Sixty farmers enrolled for tree planting
Under the British American Tobacco Biodiversity Partnership Project, the Tropical Biology Association, Tree Talk and Nature Uganda, together with 60 farmers, are aiming to plant 1.2 million trees grown across a period of three years says Gaster Kiyingi, Manager of Tree Talk.
Kiyingi says, “This is an opportunity to work with a different set of beneficiaries. We are working with tobacco farmers, who understand its negative effects on the environment and have the willingness and self drive to plant trees”
Sixty (60) tobacco farmers and 30 schools in four districts of Apac, Oyam, Kole and part of Gulu have been enrolled, trained and will be provided with the seedlings to grow trees alongside cultivation of crops.
Michael Odida, farmer leader in Opit says, "Our farmers are ready. The seedlings which were distributed last season created a lot interest among the farmers. Now that there are enough seedlings in the nurseries, we should cover our gardens with trees".
It is anticipated that this will in the long run help to provide alternative sources of firewood for household requirements, income from sale of poles and timber as well as biomass for curing tobacco.
Otim Jwinya, head of farmers in Ngai sub-county says, “Most of the farmers are willing to plant trees since there is plenty of unused land in Ngai. The framers have their land ready. We are talking of each farmer planting about 2 – 3 acres of land.”
There is overwhelming interests from farmers, even outside the project cells. The plan is to support the targeted farmers first and then look into "adopting" more farmers.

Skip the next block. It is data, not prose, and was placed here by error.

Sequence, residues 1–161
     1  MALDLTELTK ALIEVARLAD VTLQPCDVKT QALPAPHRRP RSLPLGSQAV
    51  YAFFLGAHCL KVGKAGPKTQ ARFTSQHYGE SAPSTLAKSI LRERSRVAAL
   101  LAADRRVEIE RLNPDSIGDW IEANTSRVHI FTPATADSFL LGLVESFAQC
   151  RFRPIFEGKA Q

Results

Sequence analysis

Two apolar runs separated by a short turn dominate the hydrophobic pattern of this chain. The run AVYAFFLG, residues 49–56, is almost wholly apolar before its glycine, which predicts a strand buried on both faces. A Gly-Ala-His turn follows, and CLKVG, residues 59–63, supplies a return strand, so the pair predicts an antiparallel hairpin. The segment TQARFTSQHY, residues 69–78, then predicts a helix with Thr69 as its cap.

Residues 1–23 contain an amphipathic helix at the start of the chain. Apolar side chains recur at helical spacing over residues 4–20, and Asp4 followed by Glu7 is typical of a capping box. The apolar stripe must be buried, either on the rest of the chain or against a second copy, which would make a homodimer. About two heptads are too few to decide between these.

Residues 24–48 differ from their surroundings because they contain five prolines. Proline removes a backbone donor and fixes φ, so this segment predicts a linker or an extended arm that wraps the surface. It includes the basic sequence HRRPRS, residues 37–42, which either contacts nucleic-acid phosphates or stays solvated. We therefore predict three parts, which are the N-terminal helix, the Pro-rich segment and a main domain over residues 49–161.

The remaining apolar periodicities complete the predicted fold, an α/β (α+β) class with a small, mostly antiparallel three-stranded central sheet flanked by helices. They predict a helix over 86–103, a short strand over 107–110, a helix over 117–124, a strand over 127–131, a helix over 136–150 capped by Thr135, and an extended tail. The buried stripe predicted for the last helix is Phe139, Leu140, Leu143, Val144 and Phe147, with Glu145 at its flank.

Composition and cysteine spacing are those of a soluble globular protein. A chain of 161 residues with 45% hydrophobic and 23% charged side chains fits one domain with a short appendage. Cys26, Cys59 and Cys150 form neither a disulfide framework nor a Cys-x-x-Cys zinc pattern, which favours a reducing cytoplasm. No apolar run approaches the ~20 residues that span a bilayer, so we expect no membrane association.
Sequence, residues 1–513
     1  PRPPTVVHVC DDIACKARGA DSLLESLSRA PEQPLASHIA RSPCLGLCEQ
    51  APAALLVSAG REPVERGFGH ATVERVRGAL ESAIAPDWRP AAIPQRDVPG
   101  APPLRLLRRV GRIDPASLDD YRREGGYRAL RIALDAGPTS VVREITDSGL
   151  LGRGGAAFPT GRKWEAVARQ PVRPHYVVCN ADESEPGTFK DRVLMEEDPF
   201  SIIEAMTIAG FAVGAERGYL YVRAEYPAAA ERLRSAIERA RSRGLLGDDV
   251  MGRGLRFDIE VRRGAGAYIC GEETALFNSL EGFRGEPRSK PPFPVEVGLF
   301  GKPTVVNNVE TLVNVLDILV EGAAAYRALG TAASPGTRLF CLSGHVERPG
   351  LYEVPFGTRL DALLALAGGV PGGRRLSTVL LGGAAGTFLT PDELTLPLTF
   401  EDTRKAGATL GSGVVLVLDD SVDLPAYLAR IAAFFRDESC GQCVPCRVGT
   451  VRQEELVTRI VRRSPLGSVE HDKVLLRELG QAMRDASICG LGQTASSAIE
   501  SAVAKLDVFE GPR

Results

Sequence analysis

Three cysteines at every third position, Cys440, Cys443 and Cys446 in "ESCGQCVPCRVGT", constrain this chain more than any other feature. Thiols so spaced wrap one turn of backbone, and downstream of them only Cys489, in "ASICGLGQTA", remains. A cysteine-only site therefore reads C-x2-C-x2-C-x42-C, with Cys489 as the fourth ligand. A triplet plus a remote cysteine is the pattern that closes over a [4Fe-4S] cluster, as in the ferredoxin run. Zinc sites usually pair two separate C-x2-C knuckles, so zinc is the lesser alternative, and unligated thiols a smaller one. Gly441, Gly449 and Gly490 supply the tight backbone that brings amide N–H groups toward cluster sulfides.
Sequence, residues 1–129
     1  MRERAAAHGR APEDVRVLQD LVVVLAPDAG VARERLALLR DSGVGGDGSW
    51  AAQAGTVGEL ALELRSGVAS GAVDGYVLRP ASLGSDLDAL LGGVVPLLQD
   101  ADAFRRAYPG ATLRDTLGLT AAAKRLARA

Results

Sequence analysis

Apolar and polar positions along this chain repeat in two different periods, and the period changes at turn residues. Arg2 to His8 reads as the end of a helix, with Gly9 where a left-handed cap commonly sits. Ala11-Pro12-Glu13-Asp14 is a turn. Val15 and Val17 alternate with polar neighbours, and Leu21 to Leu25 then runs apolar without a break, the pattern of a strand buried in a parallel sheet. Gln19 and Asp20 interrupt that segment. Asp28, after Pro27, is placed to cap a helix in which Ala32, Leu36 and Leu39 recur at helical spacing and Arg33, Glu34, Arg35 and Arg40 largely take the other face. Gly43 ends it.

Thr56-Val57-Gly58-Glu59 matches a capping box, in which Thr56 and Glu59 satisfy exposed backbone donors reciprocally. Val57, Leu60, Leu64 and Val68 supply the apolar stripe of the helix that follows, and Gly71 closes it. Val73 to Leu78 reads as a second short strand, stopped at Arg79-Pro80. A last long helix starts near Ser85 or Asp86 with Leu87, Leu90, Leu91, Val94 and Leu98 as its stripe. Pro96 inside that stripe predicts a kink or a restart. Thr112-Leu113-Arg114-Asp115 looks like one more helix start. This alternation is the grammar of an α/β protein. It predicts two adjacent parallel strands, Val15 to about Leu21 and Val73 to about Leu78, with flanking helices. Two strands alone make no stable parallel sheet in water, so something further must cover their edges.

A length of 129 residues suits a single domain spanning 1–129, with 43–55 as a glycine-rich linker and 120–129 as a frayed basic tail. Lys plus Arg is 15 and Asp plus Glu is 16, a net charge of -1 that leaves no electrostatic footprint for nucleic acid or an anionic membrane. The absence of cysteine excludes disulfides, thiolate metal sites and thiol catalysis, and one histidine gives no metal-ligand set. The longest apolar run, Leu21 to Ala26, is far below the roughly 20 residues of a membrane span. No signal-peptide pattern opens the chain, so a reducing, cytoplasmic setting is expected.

One mechanism for making sure we meet the interest of the farmers is running own nurseries and maintain a constant supply of seedlings. Tree Talk has established 3 large nurseries at Ngai, Inomo and Opit; each capable of producing 200,000 seedlings per season. Tree Talk is confident that there will be enough seedlings to meet the obligation but also meet the interests of the "adopted" farmers.
Dorcus Angole, Tree Talk Coordinator, Lira, emphasizes, “It is important to have nurseries because they help in raising the seedlings, farmers receive them on time, and the cost of raising them is cheaper.”
Managing nurseries within the project area has also been an employment opportunity for community members. “Nursery attendants earn wages, community members that do casual work such as potting can meet their subsistence needs, they get skills and knowledge which they can apply elsewhere and above all they get seedlings to plant trees of their own,” adds Angole.
Most of the farmers have expressed interest in planting exotic species. But with clarification of the intentions of the project, the farmers are getting to grips with the concept of ecosystem services restoration and are willing to plant indigenous trees. Indigenous trees have a big biodiversity pull, and offer quick results in ecosystem restoration.
Wilderness, South Africa